back to article Americans in Europe like using Wi-Fi calling, Ericsson discovers

Research from Ericsson shows that people like using Wi-Fi calling, the service which can act as a replacement for a mobile phone network. The big thing which differentiates Wi-Fi calling from other forms of VoIP is that it’s part of the IMS 3GPP standard. It doesn’t need any apps and ties in neatly to your phone number, …

  1. ZSn


    Speaking as a tightwad abroad, how does one go about using this? Is it provider/os/application dependent? Would a windows phone (no sniggering at the back) be able to handle it? You said that it's a 3g standard, however do the OS's support it by default.

    Lazy, bone-idle minds would like to know...

    1. Anonymous Coward
      Anonymous Coward

      Re: How?

      It is not really standardized, doesn't work all that well, etc. but Americans in London like it because the alternative is being raped by overseas call charges from American carriers, or dealing with the hassle of trying to switch SIMs which may not be doable if you bought your phone on contract and it is still locked.

      My carrier doesn't support it yet, so hopefully they'll get it sorted by the time AT&T gets around to supporting it.

      1. Malcolm Weir Silver badge

        Re: How?

        Err.. @DougS: actually, it is standardized, part of the IMS 3GPP specs (as the article helpfully notes). And it works really, really, well. I've been happily using it with T-Mobile USA for at least 5 years (the first time in the UK was in late 2010, when I happily connected to a BT hotspot in the Highlands and got cellphone coverage where no-one else could, and without roaming (to call the USA, naturally). Network performance is an issue, and it will refuse to enable itself if the network connection isn't satisfactory, but it works with a Three WiFi dongle, but not with a satellite service.

        On American Airlines aircraft in flight, it's used to provide SMS access (for free), although not voice (thank god). MMS doesn't work unless you've bought the generic internet access service (from Gogo Inflight), which is totally acceptable once you've figured out your phones predilection for using MMS instead of simple SMS.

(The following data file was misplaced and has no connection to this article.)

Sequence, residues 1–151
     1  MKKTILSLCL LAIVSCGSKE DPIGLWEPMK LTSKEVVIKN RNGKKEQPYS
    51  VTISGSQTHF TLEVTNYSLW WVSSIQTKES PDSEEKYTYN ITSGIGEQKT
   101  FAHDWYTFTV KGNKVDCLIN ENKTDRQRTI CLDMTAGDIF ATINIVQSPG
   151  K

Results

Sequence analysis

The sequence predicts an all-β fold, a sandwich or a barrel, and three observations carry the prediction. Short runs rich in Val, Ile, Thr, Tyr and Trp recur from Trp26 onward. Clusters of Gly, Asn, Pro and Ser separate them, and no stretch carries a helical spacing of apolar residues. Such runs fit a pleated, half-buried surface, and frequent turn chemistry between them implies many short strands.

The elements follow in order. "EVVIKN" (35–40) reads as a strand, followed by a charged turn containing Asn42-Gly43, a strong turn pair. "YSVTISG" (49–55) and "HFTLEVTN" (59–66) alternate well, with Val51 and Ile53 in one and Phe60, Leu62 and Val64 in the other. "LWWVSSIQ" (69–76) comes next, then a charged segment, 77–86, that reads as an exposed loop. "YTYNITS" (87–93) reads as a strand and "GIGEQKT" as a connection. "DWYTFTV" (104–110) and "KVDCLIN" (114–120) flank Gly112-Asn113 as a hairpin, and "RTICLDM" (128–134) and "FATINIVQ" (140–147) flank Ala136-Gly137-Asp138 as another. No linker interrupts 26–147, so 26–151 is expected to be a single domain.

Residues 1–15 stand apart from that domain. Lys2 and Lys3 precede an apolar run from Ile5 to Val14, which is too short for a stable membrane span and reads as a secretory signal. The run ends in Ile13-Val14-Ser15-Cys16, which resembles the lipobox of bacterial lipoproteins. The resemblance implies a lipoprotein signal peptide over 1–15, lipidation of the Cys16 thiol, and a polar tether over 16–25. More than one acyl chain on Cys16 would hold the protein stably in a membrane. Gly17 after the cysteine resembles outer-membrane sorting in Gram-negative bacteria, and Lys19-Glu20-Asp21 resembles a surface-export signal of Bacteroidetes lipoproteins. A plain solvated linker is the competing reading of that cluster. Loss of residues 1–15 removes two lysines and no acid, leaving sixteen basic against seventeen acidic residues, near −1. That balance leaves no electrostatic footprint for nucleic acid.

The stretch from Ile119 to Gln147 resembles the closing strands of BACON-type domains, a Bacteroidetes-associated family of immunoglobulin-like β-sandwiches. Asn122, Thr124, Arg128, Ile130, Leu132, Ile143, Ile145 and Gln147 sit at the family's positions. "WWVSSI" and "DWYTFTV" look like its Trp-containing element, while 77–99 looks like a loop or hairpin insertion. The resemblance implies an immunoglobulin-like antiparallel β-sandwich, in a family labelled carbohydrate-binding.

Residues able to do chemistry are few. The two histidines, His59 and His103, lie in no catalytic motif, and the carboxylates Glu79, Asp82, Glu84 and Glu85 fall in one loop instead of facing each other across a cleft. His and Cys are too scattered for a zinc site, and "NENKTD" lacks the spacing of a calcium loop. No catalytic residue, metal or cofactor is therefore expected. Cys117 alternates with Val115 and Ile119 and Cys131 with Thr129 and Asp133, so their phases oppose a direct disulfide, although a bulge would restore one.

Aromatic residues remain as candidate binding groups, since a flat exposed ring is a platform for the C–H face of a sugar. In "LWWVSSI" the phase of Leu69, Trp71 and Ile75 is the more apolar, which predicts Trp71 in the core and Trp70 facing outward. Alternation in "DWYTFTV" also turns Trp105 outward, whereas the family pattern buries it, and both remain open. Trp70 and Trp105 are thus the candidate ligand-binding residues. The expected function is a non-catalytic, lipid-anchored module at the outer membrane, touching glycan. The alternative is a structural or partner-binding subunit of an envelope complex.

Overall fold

It's supported on T-Mobile's higher end phones, including Android, iOS and Windows. Right out of the box, too: you just select WiFi preferred, Cellular preferred, or never use Cellular. The only snag is that if you are used to wandering around while on the phone, you have to remember not to walk too far away from the hotspot.

        Of course, these days it's less essential, since T-Mobile has essentially given up raping for international calling, data services and SMS in a reasonable number of countries (including the UK); (sure, the free data rate is capped at 128Kbps, but it means that e.g. Google Maps "just works", to the extent that it just works anywhere, when I walk out of an airport in Europe, Israel, etc.

  2. John Tserkezis

    "The company claims that using Wi-Fi calling while overseas could lead to your phone handing off between cellular and Wi-Fi, which could lead to your being charged twice."

    Sure, they would really care about that - and nothing to do with the fact that the customer would be paying much, much more using regular voice channels.

    1. Malcolm Weir Silver badge

      Quite, and it's total BS: the implementations I've used (Three in the UK, T-Mobile in the US) solve the problem by NOT handing off: if you lose WiFi, the call drops, and if you place the call on the cell network, it will not hand off to WiFi. You can tell the (T-Mobile) phone which to prefer if both are available, and you can block the use of the cell network.

  3. Candy

    About that O2 App.

    It's appallingly bad. And only available in beta. And then only to business users. (At least so the app itself says.)

    It misses calls, drops messages, has terrible voice quality and has a mediaeval interface.

    Apart from that, it's fine.

    1. dotdavid

      Re: About that O2 App.

      The Three one has similar flaws.